My Challenge to the IATI community: Are you interested in pitching for seed funds to develop something super human-friendly that converts Excel worksheets into IATI XML with no fuss?
So this is my concept: the source data from the user would be in an Excel workbook with multiple worksheets.Pretty much every person I work with in organisations uses Excel at some point, so the skills are already there - no learning new tools. I also think workbooks are more human-friendly way to work than one massive Excel sheet/CSV file. And it’s way easier to collect data from different systems into different worksheets in one workbook.
The source Excel workbook could be based on a downloadable template so it is pre-populated with the right elements/column headings to make the mapping go more smoothly. Or you could tell users the headings to use in their workbook. Some systems eg. SAGE also allow you to export data to sheets with alias field names that could replicate the required headings.
Then the ‘something’ would take all the data across all the worksheets (which probably have the activity IDs in the same field on every worksheet to link the data) and map it to the IATI elements.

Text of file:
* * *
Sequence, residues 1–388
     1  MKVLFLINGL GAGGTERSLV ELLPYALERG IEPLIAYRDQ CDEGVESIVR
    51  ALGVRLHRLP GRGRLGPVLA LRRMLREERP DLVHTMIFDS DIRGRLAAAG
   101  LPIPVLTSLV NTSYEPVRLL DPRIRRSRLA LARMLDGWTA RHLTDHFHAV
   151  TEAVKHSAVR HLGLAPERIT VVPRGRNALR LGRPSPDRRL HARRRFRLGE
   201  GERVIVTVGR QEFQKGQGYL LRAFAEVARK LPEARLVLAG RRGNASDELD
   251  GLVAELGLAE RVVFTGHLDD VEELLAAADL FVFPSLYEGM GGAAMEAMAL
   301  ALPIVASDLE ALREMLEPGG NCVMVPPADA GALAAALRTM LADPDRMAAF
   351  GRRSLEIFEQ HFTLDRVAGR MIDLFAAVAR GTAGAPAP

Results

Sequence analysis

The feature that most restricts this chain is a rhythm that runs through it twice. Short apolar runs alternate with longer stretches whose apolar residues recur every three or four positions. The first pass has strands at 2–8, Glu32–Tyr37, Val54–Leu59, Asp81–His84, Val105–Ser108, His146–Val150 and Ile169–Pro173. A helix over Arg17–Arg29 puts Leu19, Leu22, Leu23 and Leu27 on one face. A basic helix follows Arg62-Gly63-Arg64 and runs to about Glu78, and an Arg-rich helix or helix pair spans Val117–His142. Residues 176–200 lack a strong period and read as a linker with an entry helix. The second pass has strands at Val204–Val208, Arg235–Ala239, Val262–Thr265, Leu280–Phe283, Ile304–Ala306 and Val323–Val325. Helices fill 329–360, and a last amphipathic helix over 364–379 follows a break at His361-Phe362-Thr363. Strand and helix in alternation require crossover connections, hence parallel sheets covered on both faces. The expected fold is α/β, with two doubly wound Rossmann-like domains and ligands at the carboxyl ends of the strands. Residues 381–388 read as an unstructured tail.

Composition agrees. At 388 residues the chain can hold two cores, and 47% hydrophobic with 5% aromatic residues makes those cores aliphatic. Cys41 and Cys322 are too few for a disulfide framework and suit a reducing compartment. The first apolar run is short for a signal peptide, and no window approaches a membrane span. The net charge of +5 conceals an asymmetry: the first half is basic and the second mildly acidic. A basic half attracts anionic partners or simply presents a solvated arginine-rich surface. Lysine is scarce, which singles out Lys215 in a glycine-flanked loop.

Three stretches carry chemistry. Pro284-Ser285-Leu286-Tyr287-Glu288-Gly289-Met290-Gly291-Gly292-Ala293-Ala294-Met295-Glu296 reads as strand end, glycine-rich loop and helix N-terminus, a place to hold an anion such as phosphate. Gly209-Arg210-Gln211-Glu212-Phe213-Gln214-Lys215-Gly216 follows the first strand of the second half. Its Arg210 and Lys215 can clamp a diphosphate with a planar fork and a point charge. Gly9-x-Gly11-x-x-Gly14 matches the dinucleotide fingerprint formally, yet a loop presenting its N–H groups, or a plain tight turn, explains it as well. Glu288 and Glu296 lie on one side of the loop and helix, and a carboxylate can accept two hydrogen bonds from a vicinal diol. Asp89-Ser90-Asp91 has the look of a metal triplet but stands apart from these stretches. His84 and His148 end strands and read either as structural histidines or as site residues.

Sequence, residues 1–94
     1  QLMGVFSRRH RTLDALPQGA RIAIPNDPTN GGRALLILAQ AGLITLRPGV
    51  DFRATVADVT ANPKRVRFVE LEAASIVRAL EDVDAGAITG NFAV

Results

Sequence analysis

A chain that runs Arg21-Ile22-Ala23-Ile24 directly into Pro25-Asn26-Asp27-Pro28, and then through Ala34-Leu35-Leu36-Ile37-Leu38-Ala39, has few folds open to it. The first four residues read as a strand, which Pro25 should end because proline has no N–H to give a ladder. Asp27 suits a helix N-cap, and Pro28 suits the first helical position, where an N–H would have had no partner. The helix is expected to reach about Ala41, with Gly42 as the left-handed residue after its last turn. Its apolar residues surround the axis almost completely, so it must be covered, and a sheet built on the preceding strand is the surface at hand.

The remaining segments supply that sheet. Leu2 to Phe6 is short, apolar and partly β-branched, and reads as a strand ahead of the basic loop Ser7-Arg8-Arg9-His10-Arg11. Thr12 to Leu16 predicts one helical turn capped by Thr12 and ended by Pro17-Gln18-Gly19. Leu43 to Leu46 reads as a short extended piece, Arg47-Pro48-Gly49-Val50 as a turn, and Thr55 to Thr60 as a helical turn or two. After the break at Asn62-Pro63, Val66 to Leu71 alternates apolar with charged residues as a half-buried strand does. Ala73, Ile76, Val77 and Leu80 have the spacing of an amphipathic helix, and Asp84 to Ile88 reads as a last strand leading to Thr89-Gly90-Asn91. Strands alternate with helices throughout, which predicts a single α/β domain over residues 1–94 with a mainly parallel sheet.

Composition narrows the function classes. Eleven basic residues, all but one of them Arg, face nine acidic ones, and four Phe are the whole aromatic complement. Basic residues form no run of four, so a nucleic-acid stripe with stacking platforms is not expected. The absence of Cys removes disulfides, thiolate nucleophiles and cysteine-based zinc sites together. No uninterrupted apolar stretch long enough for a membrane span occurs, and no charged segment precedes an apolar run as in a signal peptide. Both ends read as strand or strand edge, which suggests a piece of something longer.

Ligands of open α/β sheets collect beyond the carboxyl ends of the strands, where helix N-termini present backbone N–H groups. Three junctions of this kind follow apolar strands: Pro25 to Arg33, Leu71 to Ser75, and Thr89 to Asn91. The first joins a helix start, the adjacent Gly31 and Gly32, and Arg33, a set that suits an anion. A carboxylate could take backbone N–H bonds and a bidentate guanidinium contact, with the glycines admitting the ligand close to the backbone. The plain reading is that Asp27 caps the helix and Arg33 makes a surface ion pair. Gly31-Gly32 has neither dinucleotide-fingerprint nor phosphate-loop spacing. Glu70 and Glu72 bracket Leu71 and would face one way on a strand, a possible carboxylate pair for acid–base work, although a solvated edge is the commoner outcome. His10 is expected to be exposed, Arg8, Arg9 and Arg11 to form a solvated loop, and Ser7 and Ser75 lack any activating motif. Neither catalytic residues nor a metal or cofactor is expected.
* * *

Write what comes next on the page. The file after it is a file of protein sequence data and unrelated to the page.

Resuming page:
It will create the XML following the schema (it needs to produce data to the latest IATI Standard version without the user even knowing what a ‘version’ is) and validate it. So the user will get the XML and the ‘green ticks of perfection’ with little to no effort.
And then all the publisher has to do is host the XML data on their website and upload the link to the Registry. Job done.
Oh yes, and the something also needs to be …
available both online and as a download/app to use offline (but with auto-check for updates when the user is also connected to the internet).
available in French and Spanish and Dutch/Flemish.
ideally would also work with OpenOffice spreadsheets and Google Sheets for the online version (although the majority of users will be on Excel).
usable on mobile devices.
open source and stand alone, ie not embedded into another tool.
sit alongside other publishing software that is currently available, to give publishers a great choice of options.
The ‘something’ would need to have a clear business model - so it would may sit alongside/complement other products you already offer, for example. I think it would need to be subsidised initially by a/some donors so that it can be offered at little or no cost for small organisations. But I can also see the potential that medium to large organisations would pay you to integrate it into their processes.
What do you think? Any takers?